More than 24 million Americans suffer from an autoimmune rheumatic disorder. A subset disorder called cutaneous autoimmune diseases affects the skin, requiring evaluation and treatment by both a rheumatologist and a dermatologist. The Ohio State University Wexner Medical Center has created a dual rheumatology-dermatology program to help to expedite essential treatment.
“Systemic autoimmune diseases are complex, often involving multiple organs,” says Judith Lin, MD, a rheumatologist and director of the new rheumatology-dermatology multidisciplinary clinic. “By combining our expertise, we can deliver high-quality patient care in a synchronized, efficient way.”
Dr. Lin will direct the clinic with Ohio State Wexner Medical Center dermatologist Abraham Korman, MD. “Our clinic is the first and only of its kind in central Ohio,” says Dr. Korman, who specializes in managing complex diseases, skin infections and chemotherapy reactions.
The leading specialists are looking forward to providing collaborative care to their patients.
“It’s not common for a dermatologist to feel comfortable managing the immunosuppressive medications that we use in rheumatology,” Dr. Lin says of her co-director and his special interest in autoimmune populations. “Dr. Korman understands rheumatology treatments and how they can improve his patients’ lives.”
Dr. Lin notes that by having two visits in the same day, the new clinic will facilitate care for patients who travel long distances to see both specialists.
“We plan to see the more difficult cases, especially those with cutaneous manifestations,” Dr. Lin says. “When a local rheumatologist or dermatologist doesn’t have the expertise or resources to manage refractory autoimmune diseases, they can refer their patients to us.”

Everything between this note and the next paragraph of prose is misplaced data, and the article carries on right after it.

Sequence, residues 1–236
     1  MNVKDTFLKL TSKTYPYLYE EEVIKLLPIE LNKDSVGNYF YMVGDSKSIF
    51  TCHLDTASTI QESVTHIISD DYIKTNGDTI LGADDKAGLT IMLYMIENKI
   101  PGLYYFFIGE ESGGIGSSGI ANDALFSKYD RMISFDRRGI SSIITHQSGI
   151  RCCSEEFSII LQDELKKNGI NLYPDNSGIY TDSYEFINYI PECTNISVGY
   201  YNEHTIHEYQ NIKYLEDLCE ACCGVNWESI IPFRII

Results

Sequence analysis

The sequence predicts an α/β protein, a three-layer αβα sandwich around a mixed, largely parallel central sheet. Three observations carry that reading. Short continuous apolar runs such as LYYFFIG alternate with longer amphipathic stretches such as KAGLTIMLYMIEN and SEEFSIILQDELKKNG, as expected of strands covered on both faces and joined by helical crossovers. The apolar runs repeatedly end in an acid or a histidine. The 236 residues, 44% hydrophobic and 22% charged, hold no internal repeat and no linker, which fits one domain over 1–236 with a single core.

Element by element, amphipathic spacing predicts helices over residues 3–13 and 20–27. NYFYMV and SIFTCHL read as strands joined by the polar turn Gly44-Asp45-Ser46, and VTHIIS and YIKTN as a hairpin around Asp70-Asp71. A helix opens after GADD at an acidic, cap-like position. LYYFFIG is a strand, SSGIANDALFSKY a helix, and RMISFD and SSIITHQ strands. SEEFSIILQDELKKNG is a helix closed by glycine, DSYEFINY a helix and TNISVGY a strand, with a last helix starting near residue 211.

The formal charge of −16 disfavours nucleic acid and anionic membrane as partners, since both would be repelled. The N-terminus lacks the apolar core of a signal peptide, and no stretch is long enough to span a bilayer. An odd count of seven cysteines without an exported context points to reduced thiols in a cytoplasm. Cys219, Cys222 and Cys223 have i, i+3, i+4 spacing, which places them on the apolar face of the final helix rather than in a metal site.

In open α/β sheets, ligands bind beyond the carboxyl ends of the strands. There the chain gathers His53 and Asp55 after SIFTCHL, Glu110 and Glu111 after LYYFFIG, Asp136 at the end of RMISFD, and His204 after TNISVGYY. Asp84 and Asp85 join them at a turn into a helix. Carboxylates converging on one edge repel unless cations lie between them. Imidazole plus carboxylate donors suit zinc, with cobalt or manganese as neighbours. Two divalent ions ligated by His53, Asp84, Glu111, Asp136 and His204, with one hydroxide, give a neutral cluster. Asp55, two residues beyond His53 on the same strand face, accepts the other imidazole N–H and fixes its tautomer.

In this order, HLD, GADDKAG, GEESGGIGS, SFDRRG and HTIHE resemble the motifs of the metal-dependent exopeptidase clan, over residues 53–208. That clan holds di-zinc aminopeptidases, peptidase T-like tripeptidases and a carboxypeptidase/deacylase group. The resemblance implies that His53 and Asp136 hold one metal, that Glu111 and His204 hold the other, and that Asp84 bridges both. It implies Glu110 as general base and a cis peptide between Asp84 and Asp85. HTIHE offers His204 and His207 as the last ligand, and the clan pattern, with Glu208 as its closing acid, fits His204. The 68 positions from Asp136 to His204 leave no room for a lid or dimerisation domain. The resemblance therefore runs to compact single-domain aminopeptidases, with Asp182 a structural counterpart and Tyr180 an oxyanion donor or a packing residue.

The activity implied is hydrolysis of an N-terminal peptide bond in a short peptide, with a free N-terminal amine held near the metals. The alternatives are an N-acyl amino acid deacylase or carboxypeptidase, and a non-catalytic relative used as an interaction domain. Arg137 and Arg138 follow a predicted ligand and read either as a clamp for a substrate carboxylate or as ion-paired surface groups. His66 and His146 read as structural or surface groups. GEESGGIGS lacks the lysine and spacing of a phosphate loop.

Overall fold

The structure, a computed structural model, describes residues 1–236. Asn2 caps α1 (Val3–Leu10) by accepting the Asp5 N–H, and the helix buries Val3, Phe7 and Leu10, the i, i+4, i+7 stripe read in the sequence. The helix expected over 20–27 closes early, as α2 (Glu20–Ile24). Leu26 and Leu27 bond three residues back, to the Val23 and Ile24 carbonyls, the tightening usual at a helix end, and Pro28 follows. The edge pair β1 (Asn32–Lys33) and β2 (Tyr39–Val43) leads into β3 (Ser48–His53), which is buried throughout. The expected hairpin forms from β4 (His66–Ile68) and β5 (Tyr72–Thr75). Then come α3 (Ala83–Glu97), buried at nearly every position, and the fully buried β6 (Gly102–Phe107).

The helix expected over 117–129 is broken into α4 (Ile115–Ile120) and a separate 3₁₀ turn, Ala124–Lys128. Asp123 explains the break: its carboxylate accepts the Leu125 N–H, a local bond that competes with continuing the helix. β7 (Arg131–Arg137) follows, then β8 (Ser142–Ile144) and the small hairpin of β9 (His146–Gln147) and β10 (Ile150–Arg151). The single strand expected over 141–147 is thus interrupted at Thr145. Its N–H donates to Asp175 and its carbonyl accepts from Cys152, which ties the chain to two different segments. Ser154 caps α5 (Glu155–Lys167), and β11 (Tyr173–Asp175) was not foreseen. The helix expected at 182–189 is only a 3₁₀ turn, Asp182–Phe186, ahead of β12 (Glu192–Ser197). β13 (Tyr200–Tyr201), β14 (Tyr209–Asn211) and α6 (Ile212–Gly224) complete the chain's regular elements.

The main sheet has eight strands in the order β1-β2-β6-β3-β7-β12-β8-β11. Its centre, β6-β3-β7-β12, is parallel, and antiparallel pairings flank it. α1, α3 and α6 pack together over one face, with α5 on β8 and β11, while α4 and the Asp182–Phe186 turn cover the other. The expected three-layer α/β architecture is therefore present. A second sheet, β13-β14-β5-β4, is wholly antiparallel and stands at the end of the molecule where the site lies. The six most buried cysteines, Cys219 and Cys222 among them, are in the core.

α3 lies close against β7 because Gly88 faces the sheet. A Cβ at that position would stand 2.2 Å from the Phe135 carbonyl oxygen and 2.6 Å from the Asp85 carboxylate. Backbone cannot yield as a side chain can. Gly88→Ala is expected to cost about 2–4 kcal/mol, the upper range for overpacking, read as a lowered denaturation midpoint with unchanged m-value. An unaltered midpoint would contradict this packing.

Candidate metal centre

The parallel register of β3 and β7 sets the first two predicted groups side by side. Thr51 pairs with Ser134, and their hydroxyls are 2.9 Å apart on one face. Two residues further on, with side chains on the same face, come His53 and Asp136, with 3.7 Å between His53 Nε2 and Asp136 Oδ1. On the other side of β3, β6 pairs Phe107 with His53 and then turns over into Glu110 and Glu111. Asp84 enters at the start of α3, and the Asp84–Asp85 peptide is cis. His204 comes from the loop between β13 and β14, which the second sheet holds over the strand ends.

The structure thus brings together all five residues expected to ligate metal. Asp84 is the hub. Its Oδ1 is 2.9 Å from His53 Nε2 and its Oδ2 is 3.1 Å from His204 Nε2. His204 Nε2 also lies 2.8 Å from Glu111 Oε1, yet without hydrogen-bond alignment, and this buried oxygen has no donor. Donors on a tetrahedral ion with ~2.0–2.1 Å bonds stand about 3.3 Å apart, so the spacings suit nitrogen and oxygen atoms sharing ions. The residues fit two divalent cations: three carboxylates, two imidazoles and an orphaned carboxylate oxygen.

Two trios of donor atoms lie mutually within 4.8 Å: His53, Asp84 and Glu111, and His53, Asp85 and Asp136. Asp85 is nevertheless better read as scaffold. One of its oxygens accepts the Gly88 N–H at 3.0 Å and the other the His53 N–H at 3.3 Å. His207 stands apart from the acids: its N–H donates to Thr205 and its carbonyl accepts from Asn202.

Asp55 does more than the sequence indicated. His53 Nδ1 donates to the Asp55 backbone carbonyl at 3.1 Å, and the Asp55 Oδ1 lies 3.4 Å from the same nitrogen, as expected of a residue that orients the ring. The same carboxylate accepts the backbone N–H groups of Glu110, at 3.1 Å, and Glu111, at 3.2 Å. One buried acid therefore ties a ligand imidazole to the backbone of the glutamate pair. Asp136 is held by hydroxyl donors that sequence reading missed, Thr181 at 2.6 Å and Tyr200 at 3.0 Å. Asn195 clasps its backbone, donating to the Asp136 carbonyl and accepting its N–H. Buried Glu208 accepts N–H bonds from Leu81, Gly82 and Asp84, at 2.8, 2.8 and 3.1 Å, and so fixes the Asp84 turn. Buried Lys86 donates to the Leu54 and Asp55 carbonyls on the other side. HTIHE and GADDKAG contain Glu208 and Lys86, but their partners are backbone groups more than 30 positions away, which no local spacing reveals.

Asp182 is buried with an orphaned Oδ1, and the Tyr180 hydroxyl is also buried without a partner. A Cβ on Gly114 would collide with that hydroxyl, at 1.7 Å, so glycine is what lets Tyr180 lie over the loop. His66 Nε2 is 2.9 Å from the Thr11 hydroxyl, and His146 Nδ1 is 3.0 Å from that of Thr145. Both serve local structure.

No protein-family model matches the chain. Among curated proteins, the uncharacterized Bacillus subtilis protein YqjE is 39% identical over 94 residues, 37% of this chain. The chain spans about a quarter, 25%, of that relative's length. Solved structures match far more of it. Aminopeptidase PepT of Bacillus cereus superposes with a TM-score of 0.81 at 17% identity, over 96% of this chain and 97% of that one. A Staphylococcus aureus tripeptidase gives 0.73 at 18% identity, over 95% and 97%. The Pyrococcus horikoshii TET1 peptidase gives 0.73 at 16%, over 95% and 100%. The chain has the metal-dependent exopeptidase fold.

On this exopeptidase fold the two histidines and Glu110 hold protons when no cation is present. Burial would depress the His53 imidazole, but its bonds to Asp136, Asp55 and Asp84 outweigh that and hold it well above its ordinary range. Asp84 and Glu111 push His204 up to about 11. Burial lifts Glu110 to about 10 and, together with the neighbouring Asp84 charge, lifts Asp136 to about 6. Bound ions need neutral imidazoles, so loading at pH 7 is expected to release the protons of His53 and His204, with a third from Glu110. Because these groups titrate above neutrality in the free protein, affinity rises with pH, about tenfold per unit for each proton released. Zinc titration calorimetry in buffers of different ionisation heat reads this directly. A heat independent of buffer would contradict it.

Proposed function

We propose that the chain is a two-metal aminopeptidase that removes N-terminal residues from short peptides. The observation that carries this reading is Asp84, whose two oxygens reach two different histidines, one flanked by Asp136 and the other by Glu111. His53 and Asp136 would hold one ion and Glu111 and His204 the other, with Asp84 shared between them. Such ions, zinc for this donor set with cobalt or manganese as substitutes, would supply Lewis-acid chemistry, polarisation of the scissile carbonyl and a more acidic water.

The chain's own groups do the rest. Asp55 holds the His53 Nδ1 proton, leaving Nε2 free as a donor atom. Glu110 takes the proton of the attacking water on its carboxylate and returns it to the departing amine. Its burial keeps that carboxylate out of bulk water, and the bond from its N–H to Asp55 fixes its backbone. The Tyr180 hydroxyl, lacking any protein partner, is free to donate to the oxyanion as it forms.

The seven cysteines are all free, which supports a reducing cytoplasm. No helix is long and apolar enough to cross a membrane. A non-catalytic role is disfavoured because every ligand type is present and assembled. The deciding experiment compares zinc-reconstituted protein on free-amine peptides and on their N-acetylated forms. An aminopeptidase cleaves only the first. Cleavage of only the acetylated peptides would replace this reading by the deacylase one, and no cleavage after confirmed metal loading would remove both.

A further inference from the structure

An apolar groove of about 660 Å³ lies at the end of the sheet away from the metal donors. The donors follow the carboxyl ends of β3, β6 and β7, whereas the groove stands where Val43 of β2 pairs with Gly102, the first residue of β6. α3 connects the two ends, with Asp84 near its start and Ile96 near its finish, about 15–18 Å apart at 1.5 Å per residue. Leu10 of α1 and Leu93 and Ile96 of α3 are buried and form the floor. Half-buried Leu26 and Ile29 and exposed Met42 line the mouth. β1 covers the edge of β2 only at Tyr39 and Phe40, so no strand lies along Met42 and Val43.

From refractory cutaneous lupus to inflammatory joint conditions, the clinic will see patients with all types of autoimmune disorders. The specialists plan to expand their outreach to primary care doctors and other general practitioners around the Midwest region.
The new venture is located at Ohio State Outpatient Care New Albany, which offers patients access to advanced imaging, specialized treatments, outpatient surgery and procedures and a convenient on-site pharmacy. The facility also includes a lab with the ability to offer intravenous therapies.
Discovery through research and education
Dr. Lin notes that rheumatologists have seen more patients with autoimmune issues in recent years.
“Systemic autoimmune diseases are on the rise,” says Dr. Lin. “We’re not certain whether the increase in cases is due to environmental changes, better diagnostics or increased reporting.”
The clinic has plans to research possible causes and better outcomes. Eventually, the clinic will house a biorepository for storing and studying donated tissue samples for clinical trials.
As an academic health center, the Ohio State Wexner Medical Center plans to teach its trainees about diagnosing, managing and researching autoimmune disorders. They’re certain to learn that multidisciplinary collaboration pays off for patients and physicians alike.
To refer a patient, please call 614-293-1707.